2. Kangaroos eat the feed intended for other livestock, and plants in your garden. In fact they eat pretty much everything they shouldn't be eating. And if anyone reading this has heard the fantastic stories about "the near extinction of kangaroos", then they surely haven't taken a drive past our sorghum crops, or the burgeoning wheat crops of our neighbours. No problem with kangaroo numbers out here. And these kangaroos don't have a problem breeding either. It's not uncommon to see a kangaroo with a tiny joey suckling at the teat, and a bigger joey in the pouch, and an even bigger joey, independently hopping beside its mother. SO don't try to tell me any of that tree hugger mumbo jumbo about kangaroos, because your cries will definitely fall on deaf ears. When these furry little hop hops terrorise your garden and crops, you tell me how much you love them!

3. The smell of a 3 day kangaroo carcass on the side of the road is something you won't forget in a hurry. Enough said.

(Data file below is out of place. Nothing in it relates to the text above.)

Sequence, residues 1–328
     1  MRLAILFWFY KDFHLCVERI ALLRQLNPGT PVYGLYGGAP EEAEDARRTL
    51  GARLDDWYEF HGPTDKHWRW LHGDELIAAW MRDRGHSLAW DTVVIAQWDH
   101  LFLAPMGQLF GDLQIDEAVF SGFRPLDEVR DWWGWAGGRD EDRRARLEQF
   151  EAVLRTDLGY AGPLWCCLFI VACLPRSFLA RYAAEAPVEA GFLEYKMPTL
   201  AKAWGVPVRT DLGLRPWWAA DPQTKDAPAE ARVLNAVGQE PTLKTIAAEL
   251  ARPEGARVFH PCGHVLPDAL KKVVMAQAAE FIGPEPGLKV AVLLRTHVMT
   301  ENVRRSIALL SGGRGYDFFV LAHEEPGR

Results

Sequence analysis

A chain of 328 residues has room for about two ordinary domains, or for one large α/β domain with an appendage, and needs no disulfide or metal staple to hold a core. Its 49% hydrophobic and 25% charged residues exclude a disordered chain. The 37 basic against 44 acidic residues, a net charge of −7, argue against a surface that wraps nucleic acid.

4. Kangaroos make great working dog meat. But when you are going to shoot one, aim carefully, because missing the big one and hitting the joey can be heart breaking.

But the other truth about kangaroos is that they really are beautiful and incredible creatures. Watching them drink at a waterhole, or bound effortlessly over fences, drains and tall grass is mind boggling. Seeing a joey chasing it's mother and wobbling as it hops still makes me smile. And furthermore, it reminds me of what a wonderful part of Australia I really live in. And how lucky I am to live here.

If you haven't been to this part of the world yet, then pack your bags, and come and have a look. But remember to drive carefully.

How to Survive on A Farm (Tips from someone who knows nothing about it). Part 1: Know Your Animals

When I first moved to the farm (WAAAYYYYY back when) there was an incident involving a four legged beast.

I came home from school (where I worked) to find that I was the only person around that afternoon. When I wandered into the back yard, I noticed this 'four legged beast' (which I will here in refer to as a 'cow' for conversational purposes) sitting over the back fence. Something was definitely amiss. It didn't look right. It was kind of sitting there looking quite ill, if that is possible.